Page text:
Background: Higher systolic blood pressure (SBP) has been reported to be associated with a better prognosis in heart failure (HF) patients. This study aimed to investigate the prognostic impact of hypertension in patients hospitalized with systolic HF. Methods: Pooled analysis of data from three Korean observational studies was performed. Patients ≥18 years hospitalized with systolic HF (ejection fraction ≤45%) (n = 3538) were compared for the incidence of 1-year all-cause mortality according to the presence of preexisting hypertension and SBP quartiles on admission. Results: Patients with hypertension (prevalence, 51.6%) presented more often with diabetes (43.9% vs. 23.0%, p < 0.001) and chronic kidney disease (14.1% vs. 5.7%, p < 0.001). During the 1-year follow-up, patients with hypertension showed similar cumulative incidences of all-cause mortality as those without hypertension (8.3% vs. 8.4%, p = 0.900). Conversely, patients with higher SBP on admission had a lower incidence of all-cause death (quartile 4 vs. 1: 6.7% vs. 11.3%, p for trend = 0.004). In the multivariate analysis, an increase in SBP of 10 mmHg was associated with an 8.5% risk reduction of all-cause death (hazard ratio: 0.915, 95% confidence interval: 0.853-0.981, p = 0.013). Conclusions: Higher SBP on admission was independently associated with a lower risk of 1-year all-cause mortality in systolic HF.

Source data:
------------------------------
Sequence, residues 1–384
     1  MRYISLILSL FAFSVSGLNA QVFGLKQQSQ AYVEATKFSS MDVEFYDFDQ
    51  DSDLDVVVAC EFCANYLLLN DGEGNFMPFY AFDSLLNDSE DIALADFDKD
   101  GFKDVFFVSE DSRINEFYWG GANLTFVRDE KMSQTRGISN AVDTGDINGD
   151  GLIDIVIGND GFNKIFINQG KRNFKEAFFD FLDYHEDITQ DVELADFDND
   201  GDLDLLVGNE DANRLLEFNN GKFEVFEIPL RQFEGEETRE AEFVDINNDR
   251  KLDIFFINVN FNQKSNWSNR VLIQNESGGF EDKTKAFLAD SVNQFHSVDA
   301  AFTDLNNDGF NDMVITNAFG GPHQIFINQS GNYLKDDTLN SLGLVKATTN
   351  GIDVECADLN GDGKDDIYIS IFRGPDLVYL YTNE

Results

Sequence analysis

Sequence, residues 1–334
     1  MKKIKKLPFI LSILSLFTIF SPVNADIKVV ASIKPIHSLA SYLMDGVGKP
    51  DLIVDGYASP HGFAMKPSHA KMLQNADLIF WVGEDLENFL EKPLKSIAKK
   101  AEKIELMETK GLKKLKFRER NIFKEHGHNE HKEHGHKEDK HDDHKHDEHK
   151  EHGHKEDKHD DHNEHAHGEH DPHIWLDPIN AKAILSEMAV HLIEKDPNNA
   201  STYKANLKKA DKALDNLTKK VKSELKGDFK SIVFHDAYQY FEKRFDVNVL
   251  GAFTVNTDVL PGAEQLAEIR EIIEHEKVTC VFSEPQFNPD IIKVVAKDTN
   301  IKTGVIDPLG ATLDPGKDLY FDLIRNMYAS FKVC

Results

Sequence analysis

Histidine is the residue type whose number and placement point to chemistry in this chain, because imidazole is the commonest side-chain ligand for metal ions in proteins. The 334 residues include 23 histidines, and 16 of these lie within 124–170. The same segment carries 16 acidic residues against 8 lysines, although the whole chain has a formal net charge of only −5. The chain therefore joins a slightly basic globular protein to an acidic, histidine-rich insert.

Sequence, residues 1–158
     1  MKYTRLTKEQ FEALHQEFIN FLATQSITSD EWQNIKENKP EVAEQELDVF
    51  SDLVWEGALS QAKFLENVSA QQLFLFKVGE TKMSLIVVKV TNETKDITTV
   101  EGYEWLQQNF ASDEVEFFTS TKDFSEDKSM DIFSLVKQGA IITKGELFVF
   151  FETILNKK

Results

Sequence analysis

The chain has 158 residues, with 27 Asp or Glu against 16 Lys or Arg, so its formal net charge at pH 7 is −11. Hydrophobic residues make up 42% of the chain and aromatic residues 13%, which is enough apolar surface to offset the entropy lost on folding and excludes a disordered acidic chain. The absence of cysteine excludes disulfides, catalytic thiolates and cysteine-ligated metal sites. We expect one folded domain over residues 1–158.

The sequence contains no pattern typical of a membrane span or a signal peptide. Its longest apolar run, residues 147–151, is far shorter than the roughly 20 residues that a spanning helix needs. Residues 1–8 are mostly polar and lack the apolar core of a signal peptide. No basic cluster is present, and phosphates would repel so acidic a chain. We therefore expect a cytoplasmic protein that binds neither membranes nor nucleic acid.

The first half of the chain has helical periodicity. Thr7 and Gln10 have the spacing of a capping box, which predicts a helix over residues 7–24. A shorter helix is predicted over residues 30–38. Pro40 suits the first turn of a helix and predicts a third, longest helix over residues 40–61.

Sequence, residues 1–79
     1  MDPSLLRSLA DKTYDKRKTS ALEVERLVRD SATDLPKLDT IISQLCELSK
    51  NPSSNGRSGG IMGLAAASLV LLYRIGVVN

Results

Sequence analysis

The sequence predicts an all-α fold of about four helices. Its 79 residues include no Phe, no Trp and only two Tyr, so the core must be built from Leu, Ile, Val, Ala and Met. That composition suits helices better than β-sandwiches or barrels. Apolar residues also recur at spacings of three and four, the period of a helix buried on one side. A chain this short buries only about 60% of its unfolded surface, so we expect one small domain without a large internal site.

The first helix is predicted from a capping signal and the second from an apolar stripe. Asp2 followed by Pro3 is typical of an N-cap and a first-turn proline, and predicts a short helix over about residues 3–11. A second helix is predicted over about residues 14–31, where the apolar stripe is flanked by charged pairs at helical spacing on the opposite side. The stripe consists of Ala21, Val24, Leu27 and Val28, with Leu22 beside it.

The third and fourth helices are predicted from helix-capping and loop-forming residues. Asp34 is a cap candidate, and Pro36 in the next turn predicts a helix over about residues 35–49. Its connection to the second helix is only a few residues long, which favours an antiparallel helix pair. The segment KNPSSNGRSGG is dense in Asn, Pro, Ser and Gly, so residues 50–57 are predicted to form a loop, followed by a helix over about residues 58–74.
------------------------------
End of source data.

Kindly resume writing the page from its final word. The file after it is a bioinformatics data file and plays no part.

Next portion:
All Science Journal Classification (ASJC) codes
- Cardiology and Cardiovascular Medicine